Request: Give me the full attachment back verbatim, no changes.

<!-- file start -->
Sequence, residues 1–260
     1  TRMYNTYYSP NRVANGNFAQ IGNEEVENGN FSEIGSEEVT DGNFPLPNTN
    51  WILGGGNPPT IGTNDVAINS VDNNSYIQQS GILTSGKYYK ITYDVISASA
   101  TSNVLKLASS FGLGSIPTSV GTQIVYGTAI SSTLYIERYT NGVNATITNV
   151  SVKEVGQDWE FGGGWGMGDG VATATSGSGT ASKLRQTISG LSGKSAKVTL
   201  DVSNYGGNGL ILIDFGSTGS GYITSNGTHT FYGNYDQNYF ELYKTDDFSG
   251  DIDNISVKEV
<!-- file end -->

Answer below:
Sequence, residues 1–260
     1  TRMYNTYYSP NRVANGNFAQ IGNEEVENGN FSEIGSEEVT DGNFPLPNTN
    51  WILGGGNPPT IGTNDVAINS VDNNSYIQQS GILTSGKYYK ITYDVISASA
   101  TSNVLKLASS FGLGSIPTSV GTQIVYGTAI SSTLYIERYT NGVNATITNV
   151  SVKEVGQDWE FGGGWGMGDG VATATSGSGT ASKLRQTISG LSGKSAKVTL
   201  DVSNYGGNGL ILIDFGSTGS GYITSNGTHT FYGNYDQNYF ELYKTDDFSG
   251  DIDNISVKEV